Imposing a fee of 5 cents per every single use carryout bag – typically the plastic or paper bags at checkout – used by a customer is being recommended by the recycling committee to help reduce the amount of waste generated in the community as single use bags are generally thrown away because they are difficult to recycle. The nickel fee would not apply to “bags on a roll” that are used to package meats and fresh produce or bags that are provided by pharmacists for prescription drugs. The ordinance is meant to encourage the use of reusable bags that have a minimum life of 75 uses and can carry a minimum of 18 pounds.

The fee would apply to single use carryout bags used at retail establishments such as grocery stores, convenience stores, drug stores and farm stands. It would not apply to stores where food sales is less than two percent of gross sales.

The draft ordinance states all money collected by the store for single use carryout bags “may be used by the store for any lawful purpose.”

Law said recycling committee member Matthew Faulkner was “heavily involved with the ordinances in Portland and South Portland” and bringing that approach to Cape Elizabeth.

“He recognized the importance of getting businesses on board. He single handedly visited every, or almost every, establishment that would be impacted,” Law said. “By and large most businesses are fully in compliance with the (proposed) regulations already. The other businesses were supportive.”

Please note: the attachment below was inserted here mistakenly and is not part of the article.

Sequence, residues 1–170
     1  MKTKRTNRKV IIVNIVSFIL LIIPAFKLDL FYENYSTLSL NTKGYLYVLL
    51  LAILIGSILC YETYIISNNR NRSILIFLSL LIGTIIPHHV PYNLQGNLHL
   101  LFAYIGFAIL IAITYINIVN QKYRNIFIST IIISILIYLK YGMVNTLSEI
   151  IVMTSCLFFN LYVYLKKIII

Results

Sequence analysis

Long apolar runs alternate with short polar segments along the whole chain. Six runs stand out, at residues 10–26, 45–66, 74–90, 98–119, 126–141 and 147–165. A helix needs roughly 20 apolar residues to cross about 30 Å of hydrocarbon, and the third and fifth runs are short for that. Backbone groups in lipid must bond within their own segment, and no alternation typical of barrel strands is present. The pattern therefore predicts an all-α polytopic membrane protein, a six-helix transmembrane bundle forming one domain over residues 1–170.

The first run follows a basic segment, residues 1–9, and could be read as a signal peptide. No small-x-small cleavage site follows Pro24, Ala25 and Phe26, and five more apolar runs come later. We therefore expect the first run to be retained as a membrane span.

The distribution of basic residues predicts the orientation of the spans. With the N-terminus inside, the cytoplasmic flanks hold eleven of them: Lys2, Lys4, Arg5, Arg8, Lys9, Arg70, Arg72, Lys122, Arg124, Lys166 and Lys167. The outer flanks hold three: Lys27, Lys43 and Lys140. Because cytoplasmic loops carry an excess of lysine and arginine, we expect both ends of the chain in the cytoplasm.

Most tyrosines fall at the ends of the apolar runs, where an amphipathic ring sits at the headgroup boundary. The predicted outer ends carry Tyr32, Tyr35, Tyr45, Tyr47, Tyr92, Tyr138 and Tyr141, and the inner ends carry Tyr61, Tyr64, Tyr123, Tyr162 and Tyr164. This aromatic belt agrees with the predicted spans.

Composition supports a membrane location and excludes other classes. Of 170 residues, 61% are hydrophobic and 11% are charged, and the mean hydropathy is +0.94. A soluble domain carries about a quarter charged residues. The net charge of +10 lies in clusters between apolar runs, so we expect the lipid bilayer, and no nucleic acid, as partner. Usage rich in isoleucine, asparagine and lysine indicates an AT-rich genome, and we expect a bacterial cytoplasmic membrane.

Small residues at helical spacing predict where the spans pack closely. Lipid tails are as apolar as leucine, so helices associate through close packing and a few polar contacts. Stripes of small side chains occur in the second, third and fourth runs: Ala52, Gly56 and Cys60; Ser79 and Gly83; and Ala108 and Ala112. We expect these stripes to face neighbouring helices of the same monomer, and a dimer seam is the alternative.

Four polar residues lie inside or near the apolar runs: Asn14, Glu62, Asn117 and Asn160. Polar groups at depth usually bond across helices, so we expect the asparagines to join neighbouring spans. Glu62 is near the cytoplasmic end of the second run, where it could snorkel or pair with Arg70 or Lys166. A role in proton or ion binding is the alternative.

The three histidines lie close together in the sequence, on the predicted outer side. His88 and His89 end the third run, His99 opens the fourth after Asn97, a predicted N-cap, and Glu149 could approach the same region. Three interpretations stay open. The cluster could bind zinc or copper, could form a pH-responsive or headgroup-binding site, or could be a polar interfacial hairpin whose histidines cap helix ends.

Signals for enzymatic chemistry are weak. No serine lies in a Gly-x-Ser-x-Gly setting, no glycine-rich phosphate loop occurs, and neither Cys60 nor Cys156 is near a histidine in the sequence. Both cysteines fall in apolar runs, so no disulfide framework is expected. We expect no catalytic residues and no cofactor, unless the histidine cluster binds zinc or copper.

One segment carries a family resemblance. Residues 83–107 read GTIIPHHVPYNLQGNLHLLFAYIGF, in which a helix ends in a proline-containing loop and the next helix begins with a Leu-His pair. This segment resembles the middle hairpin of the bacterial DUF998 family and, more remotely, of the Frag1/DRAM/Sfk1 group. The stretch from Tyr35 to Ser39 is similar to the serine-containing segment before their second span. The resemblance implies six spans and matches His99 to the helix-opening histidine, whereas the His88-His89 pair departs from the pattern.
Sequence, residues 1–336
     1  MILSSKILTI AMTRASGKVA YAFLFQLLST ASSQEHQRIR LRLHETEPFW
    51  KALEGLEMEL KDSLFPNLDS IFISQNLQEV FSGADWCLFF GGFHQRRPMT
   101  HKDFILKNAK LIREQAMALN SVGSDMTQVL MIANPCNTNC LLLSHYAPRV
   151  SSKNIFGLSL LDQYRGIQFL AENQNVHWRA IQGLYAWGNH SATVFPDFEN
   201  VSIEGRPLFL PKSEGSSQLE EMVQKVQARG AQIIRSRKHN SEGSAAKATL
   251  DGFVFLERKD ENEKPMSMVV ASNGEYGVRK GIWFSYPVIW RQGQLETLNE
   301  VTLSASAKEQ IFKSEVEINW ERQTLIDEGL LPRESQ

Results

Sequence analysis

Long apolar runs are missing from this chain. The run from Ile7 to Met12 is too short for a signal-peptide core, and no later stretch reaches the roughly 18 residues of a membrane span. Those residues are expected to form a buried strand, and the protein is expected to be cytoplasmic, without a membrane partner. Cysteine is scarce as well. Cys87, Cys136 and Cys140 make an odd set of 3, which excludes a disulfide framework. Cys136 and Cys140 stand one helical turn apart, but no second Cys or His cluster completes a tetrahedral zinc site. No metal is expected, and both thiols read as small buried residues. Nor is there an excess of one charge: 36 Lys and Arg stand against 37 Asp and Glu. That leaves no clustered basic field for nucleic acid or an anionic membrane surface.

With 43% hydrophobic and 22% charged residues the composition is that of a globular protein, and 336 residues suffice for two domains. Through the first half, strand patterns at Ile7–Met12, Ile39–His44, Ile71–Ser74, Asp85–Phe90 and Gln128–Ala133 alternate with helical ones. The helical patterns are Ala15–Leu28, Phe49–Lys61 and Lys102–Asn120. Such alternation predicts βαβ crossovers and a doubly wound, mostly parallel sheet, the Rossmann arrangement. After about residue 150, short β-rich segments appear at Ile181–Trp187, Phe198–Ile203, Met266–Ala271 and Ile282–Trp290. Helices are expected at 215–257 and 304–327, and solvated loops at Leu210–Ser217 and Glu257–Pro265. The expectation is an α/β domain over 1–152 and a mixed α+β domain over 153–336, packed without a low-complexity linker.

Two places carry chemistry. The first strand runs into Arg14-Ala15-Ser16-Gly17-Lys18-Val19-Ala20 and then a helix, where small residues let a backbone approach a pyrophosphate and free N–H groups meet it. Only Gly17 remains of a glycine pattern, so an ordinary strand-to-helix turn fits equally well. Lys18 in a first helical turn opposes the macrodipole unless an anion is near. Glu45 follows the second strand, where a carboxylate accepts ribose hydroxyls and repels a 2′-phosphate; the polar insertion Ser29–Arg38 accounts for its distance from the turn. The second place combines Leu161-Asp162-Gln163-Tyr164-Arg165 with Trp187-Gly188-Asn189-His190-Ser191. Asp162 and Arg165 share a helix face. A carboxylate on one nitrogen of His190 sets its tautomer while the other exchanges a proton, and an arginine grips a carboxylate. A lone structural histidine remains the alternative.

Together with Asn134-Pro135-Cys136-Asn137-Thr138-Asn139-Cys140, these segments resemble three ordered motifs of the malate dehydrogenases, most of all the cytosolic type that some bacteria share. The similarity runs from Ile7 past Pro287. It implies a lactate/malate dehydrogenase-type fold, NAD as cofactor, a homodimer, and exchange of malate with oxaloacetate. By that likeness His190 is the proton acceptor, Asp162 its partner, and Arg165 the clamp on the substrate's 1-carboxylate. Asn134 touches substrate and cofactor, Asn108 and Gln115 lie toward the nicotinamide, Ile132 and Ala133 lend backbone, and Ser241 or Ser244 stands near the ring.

The topic is expected to be before the council in September. How the group deals with it is not known at this point.

“Right now, it is under review by the town attorney. If all looks good, it will go through town council consideration in September,” Grennon said. “At that point we will decide if it will go to workshop or it if makes sense to send it out to a public hearing.”

Changes to the proposed ordinance may be made as a result of either the workshop or public hearing, but Grennon feels regulating polystyrene foam and single use bags is the right step for Cape Elizabeth.

“It is a great direction for Cape Elizabeth in that people can still get single use bags if they want. It’s more sustainable and at the same time it reduces waste,” she said.

“We are really looking forward to seeing what the reception is for this,” Law said, adding Cape Elizabeth is not trying to be a trend-setter, but rather stay ahead of the curve.

Staff Writer Michael Kelley can be reached at 282-4337, ext. 237.